Norman Kemp, Kt., Acting C.J.
1. The question for our consideration here involves the construction of a mortgage dated May 16, 1922, registered on May 30, 1922, and the terms of a rent-note passed by the plaintiff to the defendant on May 30, 1922. The facts of the case are sufficiently set out in the judgment of the lower Court. Shortly put, the plaintiff contends that his agent to discharge the mortgage has overpaid the defendant two months' interest as rent for two intercalary months. The dispute arises through the alleged difference between the mortgage and the rent note. In the lower Court the plaintiff contended that the mortgage was altered by the rent-note and in this Court he contends that the mortgage is to be construed by the subsequent rent-note. The mortgage stipulates for repayment at the end of six years and provides that interest should be reckoned according to the vernacular months taking into calculation any intercalary months. The mortgage goes on to say : ' We have received this property from you on rent for a period of six years for use. We have passed to you the rent-note thereof for Rs. 765 as interest for one year.' Then later on : ' The same has been written for a period of six years. And if the income of the rent as stated in the rent-note fixed for the interest may be received more than the fixed interest you have to credit the excess amount after payment of interest.' The last sentence is somewhat unintelligible.
2. We are of opinion that the mortgage intended to create a distinction between interest and rent. The rent was calculated on the interest, for six years. At the same time there was an obligation on the plaintiff to pay extra interest provided by the calculation on the basis of vernacular months. This is the only construction that can be given to the mortgage deed to make it consistent. The plaintiff appreciating this has attempted before us to suggest that the second part of the mortgage relating to the rent had the effect of expressing the real intention of the parties as to interest and that the words mentioned with reference to the interest in the beginning of the mortgage had been left in by mistake when the mortgage was intended to be taken by another party. On the construction which we place on the document the rent note subsequently passed is consistent with it. We, therefore, think that the plaintiff was bound to pay the two intercalary months' interest and we hold accordingly.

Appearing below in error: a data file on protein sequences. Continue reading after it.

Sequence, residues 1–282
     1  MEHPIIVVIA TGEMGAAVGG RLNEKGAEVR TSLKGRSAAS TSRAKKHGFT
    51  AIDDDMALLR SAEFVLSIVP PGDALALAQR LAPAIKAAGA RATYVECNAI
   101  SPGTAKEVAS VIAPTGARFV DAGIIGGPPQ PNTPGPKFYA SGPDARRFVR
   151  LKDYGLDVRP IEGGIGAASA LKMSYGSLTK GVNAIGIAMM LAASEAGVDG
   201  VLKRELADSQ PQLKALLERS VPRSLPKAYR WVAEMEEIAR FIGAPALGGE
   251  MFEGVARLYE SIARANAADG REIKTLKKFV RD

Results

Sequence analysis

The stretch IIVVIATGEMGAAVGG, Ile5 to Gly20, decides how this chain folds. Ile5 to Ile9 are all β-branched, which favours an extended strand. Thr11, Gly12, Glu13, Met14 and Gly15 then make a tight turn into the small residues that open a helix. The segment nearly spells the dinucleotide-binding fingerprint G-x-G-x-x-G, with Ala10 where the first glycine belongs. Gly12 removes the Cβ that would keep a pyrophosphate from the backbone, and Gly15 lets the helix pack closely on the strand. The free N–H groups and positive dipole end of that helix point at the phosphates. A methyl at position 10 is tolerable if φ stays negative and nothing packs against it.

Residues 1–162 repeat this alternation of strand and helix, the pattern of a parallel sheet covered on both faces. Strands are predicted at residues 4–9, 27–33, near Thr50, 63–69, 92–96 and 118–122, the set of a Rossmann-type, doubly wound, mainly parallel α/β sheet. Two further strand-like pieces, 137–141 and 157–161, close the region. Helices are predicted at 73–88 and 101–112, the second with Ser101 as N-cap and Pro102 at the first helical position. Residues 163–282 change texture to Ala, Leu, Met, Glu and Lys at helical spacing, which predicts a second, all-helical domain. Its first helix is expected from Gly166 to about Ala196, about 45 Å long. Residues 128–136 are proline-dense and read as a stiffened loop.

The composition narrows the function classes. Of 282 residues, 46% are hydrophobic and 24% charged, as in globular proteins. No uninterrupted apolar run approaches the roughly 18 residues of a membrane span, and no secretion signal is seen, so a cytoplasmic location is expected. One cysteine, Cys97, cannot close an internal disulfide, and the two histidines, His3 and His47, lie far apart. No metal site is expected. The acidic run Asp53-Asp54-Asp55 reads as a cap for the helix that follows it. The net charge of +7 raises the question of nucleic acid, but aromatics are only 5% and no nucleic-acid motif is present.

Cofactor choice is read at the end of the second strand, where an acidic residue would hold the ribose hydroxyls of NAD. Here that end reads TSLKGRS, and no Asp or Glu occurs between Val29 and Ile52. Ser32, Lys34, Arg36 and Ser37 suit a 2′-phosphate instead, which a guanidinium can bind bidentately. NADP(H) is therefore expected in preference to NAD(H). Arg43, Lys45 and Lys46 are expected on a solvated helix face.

3. Another point requires consideration-whether the plaintiff can succeed in view of the voluntary nature of the payment. It is true that the plaintiff's agent made the payment. The agent has not been called nor does the plaintiff say that the agent was specially forbidden to pay the interest for these two months. Nor would it make any difference if the plaintiff were in a position to give such evidence, because that would not affect the nature of the payment made by the agent to the defendant which was a voluntary payment. Under the authorities a voluntary payment cannot be recovered from the party receiving it (see Section 72 of the Indian Contract Act, and the observations of Marten J. in Wolf & Sons v. Dadyba, Khimji & Co. I.L.R. (1919) 44 Bom. 631 and of the same Judge in In re Ramchandra Ganuji (1922) 29 Bom. L.R. 1167. See also the recent case of Aktieselslcabet Dampskibs Steinstad v. William Pearson and Co. (1927) 137 L.T. 533. The plaintiff's suit, therefore, seems to be misconceived. If he had any cause of action at all it would be against his agent. The money was not paid to the defendant' under protest or compulsion.
4. Further, the defendant has now given up possession of the property to the plaintiff relying on the payment. The defendant has, therefore, been induced to change his position for the worse. Taking all these circumstances into consideration we think the rule should be discharged with costs.